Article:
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The Carmens also deserve an ovation for the caliber of acts they signed. From The Man in Black’s signature intro of “Hello, I’m Johnny Cash,” to Roy Orbison’s famous crying falsetto, management delivered on its promise of “the best of American theatre from Broadway, motion pictures, Las Vegas, and television.” The visiting celebrities—whether stars, starlets, or entertainment legends reviving past glory days—dazzled tiny Hyannis, bringing business flocking.

Neil Sedaka cruised into the harbor on his 60-foot yacht, singing his hit “Oh, Carol,”; the showy pianist Liberace performed in a $300,000 blue-fox cape; Patti Page sang “Old Cape Cod” while Hyannis’ Main Street was renamed in her honor for the day; and Bob Hope offered up his deadpan routine for an entire week in 1980. “I’m staying with a friend in Osterville,” Hope quipped to his audience. “I find it a very quiet town, especially at night. If you need to burp after 7 p.m., you have to go over to Centerville.”

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In 1990, the Melody Tent—purchased by South Shore Playhouse Associates (SSPA)—became a sister theatre to the South Shore Music Circus and underwent a gradual renovation with upgrades to everything from its seating to the sound system. Each August, Executive Producer Vincent Longo and General Manager Tony Raine, backed by 80 tent staffers, initiate their search for diverse talent in fresh genres for the following summer’s lineup.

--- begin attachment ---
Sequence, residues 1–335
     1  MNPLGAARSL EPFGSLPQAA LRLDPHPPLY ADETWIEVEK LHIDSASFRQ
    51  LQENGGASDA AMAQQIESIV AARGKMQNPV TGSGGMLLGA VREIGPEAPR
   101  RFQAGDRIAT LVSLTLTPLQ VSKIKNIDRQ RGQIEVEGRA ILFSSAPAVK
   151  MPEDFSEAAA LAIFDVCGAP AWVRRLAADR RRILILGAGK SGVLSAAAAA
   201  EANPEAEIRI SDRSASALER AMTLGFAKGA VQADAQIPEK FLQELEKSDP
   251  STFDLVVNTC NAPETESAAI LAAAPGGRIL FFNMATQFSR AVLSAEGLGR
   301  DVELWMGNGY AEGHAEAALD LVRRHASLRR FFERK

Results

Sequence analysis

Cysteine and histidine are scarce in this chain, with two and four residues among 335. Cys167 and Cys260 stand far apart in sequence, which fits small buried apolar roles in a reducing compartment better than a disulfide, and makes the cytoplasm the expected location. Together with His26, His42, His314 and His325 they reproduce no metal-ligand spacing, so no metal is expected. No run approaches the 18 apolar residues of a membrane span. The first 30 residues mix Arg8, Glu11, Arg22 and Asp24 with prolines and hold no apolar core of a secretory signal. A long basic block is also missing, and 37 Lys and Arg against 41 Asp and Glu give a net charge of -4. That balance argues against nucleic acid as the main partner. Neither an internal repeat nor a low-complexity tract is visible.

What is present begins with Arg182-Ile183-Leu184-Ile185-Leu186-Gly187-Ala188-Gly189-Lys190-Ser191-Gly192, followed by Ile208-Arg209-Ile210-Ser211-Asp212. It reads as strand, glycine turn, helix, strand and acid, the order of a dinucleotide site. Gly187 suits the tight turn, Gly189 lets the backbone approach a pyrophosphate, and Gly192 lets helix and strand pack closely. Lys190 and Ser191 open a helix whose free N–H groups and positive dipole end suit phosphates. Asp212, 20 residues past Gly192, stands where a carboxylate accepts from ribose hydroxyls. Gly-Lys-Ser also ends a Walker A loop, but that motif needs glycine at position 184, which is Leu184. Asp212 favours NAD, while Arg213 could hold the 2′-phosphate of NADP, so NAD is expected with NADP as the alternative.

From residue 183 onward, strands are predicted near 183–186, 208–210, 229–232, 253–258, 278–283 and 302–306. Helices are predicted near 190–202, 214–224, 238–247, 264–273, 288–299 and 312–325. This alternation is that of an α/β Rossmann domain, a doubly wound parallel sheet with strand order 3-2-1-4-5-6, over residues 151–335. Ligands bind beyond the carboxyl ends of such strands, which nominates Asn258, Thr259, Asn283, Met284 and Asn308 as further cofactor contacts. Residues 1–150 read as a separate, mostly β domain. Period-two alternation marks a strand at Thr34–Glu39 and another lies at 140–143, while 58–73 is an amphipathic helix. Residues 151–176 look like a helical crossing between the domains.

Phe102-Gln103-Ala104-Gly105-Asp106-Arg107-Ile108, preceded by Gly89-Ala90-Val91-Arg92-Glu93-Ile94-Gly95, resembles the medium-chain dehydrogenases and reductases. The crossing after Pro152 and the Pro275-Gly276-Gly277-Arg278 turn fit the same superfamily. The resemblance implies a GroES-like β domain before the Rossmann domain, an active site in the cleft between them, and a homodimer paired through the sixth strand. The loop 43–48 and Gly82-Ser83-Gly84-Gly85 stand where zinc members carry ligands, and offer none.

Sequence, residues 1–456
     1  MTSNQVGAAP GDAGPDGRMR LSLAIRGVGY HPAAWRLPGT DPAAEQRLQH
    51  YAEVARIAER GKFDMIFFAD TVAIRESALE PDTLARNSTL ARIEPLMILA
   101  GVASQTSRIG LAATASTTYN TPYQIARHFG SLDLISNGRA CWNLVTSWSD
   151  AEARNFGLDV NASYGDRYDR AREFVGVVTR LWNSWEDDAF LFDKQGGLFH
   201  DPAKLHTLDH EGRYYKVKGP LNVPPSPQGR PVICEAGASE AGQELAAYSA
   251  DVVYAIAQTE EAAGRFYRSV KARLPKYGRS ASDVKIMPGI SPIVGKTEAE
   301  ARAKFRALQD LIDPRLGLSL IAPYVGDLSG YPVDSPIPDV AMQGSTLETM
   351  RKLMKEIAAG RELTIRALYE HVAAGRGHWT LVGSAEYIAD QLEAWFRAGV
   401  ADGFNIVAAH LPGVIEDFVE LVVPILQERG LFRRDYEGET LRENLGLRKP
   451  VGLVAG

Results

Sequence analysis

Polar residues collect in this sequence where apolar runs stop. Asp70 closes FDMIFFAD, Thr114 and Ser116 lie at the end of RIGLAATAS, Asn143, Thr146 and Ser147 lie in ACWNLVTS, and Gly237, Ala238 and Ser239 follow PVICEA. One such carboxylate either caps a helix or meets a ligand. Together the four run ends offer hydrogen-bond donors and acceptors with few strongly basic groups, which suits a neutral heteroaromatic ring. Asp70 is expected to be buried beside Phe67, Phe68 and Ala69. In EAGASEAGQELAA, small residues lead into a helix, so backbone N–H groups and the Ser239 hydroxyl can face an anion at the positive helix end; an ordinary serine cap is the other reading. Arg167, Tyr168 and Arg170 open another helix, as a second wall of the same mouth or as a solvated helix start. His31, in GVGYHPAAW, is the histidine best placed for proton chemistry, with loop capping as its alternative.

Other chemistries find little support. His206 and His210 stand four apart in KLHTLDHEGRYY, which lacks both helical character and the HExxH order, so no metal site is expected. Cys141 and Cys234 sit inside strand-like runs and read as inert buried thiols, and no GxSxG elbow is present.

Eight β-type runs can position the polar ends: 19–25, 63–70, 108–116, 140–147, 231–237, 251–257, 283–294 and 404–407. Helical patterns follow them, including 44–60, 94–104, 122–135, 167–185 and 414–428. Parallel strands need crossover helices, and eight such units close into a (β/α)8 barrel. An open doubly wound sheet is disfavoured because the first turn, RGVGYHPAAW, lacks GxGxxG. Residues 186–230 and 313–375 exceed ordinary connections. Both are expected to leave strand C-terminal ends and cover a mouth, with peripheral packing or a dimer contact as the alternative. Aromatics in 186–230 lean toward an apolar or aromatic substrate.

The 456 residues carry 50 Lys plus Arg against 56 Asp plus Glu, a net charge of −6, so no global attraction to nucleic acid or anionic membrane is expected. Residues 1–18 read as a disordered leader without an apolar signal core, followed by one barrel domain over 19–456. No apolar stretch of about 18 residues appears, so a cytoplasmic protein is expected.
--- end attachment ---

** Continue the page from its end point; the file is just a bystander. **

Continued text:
With most artists performing at both venues, the number of shows has increased, with the likes of Buddy Guy, LeAnn Rimes, Willie Nelson, Adam Lambert, Counting Crows, Peter Frampton, Howie Mandel, and Sugarland stirring up the mix of returning crooners and comedians. As a nonprofit organization, SSPA also has donated $3.6 million to date to local arts groups, including Harwich Junior Theatre, Cape Cod Conservatory, and Wellfleet Harbor Actors Theatre.

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